Up top is a solid drag handle to carry the MOAB 6 in hand bag mode or to assist on pulling the pack out of storage. Nearby attached to the portion of the shoulder strap that is connected to the pack is a small general purpose pouch. The exterior has 3"x2" of PALS webbing with loop velcro which will likely see a lot more patches than pouch additions, yet do work out good for holding pens. The GP pouch opens with a single zipper and the inside has 1.5" elastic inside to hold electronics such as music devices, slim phones, and cameras. A wire hole is integrated to use with headphones or maybe you can get crafty with comm gear. The hole appears to lead to no where when actually the whole GP pouch is only connected to the pack on the sides creating a tunnel behind it; not only good for the wire routing, but can get into knife storage as well. Between this pouch and the handle is a small zippered pocket that uses a soft material great for sunglasses, yet also good for small electronics. The way it is constructed has small holes on the corners, not sure if for more wire routing options or just for manufacture ease. In the back area is a hydration type pocket that also can work just fine as a pistol storage area since padded. The double zippers are in an alternate configuration so when closed there is a zipper pull on each side which I think is pretty cool. The inside is plain with 2 sneaky hanging tabs integrated up top. So sneaky I missed them in my photos. Unfortunately there is no port for a hydration tube so one would just have to make do with the zippers if trying to use this pocket with that kind of bladder.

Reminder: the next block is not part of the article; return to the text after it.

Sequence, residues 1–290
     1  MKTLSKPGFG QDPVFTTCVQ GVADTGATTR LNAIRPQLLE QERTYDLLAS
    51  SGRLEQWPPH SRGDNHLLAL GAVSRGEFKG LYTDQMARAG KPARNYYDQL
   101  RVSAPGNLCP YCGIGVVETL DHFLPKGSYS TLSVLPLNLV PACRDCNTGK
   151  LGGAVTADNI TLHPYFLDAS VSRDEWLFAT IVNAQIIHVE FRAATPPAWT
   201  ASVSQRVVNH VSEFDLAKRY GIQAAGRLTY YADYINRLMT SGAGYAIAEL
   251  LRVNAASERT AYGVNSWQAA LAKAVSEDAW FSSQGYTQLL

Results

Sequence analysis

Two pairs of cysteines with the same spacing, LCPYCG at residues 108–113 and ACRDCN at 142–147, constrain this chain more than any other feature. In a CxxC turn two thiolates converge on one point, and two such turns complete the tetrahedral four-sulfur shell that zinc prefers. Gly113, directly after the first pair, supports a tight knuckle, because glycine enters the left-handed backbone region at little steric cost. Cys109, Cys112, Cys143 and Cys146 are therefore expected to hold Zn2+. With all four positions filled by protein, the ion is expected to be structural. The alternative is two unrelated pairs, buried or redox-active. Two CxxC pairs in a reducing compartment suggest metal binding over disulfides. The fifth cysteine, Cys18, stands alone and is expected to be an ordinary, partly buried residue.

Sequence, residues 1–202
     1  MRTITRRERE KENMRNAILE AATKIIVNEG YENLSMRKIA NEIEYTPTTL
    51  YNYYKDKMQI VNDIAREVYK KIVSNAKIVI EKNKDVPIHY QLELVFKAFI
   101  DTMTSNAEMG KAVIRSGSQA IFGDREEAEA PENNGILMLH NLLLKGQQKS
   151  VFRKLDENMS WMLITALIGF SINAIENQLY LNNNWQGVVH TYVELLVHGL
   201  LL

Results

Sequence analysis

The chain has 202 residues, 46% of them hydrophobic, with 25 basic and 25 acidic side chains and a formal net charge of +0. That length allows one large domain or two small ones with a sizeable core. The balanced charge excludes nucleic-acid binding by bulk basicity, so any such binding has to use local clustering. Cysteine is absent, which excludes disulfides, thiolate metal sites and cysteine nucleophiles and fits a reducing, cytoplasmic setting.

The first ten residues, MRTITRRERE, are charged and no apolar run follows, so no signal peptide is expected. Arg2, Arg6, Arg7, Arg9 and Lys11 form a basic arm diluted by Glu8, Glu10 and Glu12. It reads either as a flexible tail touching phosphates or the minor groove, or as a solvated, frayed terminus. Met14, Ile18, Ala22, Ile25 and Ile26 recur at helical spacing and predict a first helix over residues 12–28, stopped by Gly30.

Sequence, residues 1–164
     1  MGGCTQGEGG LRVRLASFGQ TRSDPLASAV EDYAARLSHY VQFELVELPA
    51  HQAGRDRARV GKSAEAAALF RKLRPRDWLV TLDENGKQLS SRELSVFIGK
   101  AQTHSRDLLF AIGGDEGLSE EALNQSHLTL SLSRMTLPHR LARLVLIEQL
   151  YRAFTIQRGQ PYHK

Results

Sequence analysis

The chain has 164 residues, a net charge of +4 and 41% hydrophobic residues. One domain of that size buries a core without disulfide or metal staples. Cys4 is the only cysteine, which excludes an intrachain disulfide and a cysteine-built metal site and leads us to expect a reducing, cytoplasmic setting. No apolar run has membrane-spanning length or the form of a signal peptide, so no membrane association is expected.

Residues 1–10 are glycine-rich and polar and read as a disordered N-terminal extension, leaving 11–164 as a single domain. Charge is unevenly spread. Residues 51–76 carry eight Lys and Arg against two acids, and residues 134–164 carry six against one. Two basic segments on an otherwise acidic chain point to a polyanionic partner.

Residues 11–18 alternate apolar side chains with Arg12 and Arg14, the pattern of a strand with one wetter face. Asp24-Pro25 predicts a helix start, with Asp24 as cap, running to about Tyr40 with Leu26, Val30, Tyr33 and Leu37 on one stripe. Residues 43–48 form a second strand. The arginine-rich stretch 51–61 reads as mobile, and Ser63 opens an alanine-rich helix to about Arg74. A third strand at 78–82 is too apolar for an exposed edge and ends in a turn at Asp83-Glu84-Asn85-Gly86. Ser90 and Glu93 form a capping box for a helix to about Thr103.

Over around on the front is a substantial sized pocket opening with 2 zippers to not quite the bottom to help keep the flap upright when open. The interior is a sleeve pocket party with many on the back side to hold a variety of slim item sizes and writing utensils. There are not 1, but 2 key keepers to give more holding options and accommodate side preference. On the other side are 2 large sleeve pockets which appear to be made with rifle magazines in mind. There is a big seam down the middle which comes off as an interesting construction decision. If I had to guess, it does help separate the sleeves from each other to prevent item banging. All these sleeves come in handy whether it be for medical gear or just a lot of random nick-nacks. The main compartment also opens up with 2 zippers, as a tangent the pack seems to vary between having the cord ends be a knot or a plastic piece. I'm a fan of knots as they don't really ever break, however each user will have their preference. Back on subject, the main compartment opens up to a very near clam-shell opening to allow quick full access. On the interior back you'll see the sunglasses pouch, ignore that for now as the opening is on the exterior, but under it is a large sleeve pocket with depth and integrated shock cord to tighten. This works out nice for sectioning off medium sized gear while still having it be easy to access. On the other side are 2 single zippered pockets, one being mesh and the other being the usual lightweight interior material. My first reaction is that double zippers would be nice here for the whole ambidextrous thing, yet I can understand that would eat away at the pocket opening length. I think the sizing on these pockets work well to give solid organization options.